“Don’t waste what is holy on people who are unholy. Don’t throw your pearls to pigs! They will trample the pearls, then turn and attack you. Matthew 7:6, NLT

No, I’m not calling people pigs. (Although sometimes that might be true.) The way I interpret this verse is this: Use wisdom. Think before you share something because this might not be the right time or the right place for this. Don’t waste your good words on someone who will trample them. Before you throw them out there, evaluate the environment.

Like many of you, I want to share things with people. I get it. I really do. Which is why being on Facebook the past few weeks has been hard on me emotionally. My spirit grieves. I mourn the ugliness and hatred. I have trouble picking myself up when these things pull me down.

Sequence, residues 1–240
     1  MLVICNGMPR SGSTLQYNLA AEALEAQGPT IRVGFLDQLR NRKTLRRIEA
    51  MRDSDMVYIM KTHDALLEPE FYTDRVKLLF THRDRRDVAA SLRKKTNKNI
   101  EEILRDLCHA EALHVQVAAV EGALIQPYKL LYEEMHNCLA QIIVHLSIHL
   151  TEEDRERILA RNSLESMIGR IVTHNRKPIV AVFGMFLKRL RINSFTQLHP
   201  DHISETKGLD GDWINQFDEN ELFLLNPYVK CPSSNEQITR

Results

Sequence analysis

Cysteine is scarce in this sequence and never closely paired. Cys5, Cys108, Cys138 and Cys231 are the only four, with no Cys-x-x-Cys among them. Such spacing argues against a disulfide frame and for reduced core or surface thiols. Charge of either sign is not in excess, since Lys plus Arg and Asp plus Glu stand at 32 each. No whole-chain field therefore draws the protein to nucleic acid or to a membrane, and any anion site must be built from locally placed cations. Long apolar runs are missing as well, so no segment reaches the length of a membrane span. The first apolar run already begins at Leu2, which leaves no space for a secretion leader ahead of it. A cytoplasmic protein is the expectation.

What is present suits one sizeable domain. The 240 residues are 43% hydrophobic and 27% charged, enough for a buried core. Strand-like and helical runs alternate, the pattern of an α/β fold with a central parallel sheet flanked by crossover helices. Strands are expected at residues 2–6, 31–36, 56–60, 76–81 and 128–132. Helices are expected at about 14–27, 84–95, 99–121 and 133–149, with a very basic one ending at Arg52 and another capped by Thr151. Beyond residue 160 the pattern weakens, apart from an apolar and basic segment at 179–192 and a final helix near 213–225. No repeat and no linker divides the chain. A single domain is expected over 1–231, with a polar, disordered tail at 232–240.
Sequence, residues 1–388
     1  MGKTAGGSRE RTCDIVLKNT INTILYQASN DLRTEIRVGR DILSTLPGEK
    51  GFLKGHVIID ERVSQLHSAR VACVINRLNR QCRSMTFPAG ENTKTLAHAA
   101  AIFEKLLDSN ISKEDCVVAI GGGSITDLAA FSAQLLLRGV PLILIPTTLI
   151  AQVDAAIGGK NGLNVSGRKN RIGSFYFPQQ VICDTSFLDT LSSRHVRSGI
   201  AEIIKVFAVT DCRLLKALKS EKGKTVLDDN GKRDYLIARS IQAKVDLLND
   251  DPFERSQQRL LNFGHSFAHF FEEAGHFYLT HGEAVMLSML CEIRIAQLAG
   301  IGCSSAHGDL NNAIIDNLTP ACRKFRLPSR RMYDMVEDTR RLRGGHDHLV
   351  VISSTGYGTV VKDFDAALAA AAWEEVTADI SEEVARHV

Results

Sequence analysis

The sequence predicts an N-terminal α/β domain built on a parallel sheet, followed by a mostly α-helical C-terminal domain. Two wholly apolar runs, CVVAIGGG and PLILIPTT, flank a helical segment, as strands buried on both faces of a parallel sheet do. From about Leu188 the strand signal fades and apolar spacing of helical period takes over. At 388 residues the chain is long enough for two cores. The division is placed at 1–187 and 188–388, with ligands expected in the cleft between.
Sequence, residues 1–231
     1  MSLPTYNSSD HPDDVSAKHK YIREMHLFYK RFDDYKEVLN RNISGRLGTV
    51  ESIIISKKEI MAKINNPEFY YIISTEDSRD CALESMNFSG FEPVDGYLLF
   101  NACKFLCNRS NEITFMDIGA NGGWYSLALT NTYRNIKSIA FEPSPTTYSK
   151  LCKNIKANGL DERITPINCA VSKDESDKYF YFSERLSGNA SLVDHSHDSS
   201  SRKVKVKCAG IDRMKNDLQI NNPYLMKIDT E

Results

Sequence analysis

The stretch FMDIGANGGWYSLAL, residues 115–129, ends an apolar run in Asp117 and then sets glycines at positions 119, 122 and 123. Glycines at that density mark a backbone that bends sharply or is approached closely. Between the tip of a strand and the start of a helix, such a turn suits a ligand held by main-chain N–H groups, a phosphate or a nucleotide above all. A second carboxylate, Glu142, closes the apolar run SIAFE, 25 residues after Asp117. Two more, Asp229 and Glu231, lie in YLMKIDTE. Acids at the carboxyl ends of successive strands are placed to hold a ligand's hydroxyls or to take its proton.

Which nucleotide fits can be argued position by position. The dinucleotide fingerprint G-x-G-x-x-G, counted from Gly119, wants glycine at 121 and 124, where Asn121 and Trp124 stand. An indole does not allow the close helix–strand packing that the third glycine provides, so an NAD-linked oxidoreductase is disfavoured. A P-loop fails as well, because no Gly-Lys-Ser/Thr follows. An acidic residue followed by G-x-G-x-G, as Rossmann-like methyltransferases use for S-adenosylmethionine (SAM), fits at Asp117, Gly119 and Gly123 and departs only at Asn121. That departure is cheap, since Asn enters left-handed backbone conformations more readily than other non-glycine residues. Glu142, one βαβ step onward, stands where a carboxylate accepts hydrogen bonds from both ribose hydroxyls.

When I say these things, I’m not pointing my finger at anyone. I’m as guilty as anyone else of giving in and telling about my crappy day, or complaining about poor service, or of getting snippy with someone who is perpetuating information without first fact-checking or seeing if there is even a vein of truth to it. I want to correct people’s perceptions, and sometimes even when people are accurate in their understanding, I just plain disagree and want to change their minds.

But there’s a time and a place for that. And based on what I’ve seen over the past years, but especially these past few months, I don’t believe Facebook is the place for it.